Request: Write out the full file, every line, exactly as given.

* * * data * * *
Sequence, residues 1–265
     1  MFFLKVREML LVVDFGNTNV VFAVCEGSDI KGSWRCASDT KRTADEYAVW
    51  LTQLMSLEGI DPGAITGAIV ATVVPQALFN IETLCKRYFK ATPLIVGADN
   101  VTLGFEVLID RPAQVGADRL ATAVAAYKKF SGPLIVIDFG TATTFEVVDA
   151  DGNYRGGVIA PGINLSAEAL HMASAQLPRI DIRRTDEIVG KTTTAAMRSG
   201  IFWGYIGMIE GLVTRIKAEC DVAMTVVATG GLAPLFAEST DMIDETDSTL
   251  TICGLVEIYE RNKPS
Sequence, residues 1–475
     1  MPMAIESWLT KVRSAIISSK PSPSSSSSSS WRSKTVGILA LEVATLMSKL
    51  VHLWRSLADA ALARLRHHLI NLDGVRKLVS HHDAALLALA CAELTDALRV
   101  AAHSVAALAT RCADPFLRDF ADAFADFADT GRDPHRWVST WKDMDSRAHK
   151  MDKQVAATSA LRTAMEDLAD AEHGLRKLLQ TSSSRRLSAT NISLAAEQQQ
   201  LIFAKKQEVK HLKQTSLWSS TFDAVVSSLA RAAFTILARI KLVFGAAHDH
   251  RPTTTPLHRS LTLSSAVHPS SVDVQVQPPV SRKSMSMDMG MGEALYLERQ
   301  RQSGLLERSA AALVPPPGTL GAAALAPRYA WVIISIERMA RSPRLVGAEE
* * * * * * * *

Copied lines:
Sequence, residues 1–265
     1  MFFLKVREML LVVDFGNTNV VFAVCEGSDI KGSWRCASDT KRTADEYAVW
    51  LTQLMSLEGI DPGAITGAIV ATVVPQALFN IETLCKRYFK ATPLIVGADN
   101  VTLGFEVLID RPAQVGADRL ATAVAAYKKF SGPLIVIDFG TATTFEVVDA
   151  DGNYRGGVIA PGINLSAEAL HMASAQLPRI DIRRTDEIVG KTTTAAMRSG
   201  IFWGYIGMIE GLVTRIKAEC DVAMTVVATG GLAPLFAEST DMIDETDSTL
   251  TICGLVEIYE RNKPS
Sequence, residues 1–475
     1  MPMAIESWLT KVRSAIISSK PSPSSSSSSS WRSKTVGILA LEVATLMSKL
    51  VHLWRSLADA ALARLRHHLI NLDGVRKLVS HHDAALLALA CAELTDALRV
   101  AAHSVAALAT RCADPFLRDF ADAFADFADT GRDPHRWVST WKDMDSRAHK
   151  MDKQVAATSA LRTAMEDLAD AEHGLRKLLQ TSSSRRLSAT NISLAAEQQQ
   201  LIFAKKQEVK HLKQTSLWSS TFDAVVSSLA RAAFTILARI KLVFGAAHDH
   251  RPTTTPLHRS LTLSSAVHPS SVDVQVQPPV SRKSMSMDMG MGEALYLERQ
   301  RQSGLLERSA AALVPPPGTL GAAALAPRYA WVIISIERMA RSPRLVGAEE